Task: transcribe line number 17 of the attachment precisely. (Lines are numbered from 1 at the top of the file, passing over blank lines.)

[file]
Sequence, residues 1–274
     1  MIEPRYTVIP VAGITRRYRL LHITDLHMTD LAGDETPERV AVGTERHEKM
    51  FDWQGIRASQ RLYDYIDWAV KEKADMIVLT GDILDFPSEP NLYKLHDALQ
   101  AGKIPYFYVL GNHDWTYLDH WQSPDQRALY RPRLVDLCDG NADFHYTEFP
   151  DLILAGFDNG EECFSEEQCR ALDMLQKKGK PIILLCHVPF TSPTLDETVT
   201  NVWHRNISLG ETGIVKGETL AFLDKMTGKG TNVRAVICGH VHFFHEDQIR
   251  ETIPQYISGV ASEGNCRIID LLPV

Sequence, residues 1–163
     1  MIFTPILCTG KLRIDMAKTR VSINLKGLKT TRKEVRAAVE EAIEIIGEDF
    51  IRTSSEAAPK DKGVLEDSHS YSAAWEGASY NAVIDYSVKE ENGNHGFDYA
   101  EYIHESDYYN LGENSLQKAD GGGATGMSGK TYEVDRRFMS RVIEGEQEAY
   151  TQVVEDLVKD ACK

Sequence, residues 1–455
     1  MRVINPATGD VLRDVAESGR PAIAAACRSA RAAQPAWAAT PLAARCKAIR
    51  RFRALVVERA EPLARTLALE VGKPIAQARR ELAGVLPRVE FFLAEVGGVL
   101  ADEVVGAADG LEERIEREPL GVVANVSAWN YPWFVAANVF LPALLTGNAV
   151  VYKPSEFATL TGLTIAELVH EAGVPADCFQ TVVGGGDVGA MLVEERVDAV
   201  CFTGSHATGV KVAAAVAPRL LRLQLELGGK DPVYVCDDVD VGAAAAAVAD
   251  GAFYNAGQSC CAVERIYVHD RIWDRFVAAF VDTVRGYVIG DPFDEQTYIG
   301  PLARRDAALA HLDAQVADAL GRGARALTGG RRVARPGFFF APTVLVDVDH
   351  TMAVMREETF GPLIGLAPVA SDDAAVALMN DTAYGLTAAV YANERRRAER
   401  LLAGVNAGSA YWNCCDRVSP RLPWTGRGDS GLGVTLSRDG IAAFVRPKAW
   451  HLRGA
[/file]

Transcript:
   151  VYKPSEFATL TGLTIAELVH EAGVPADCFQ TVVGGGDVGA MLVEERVDAV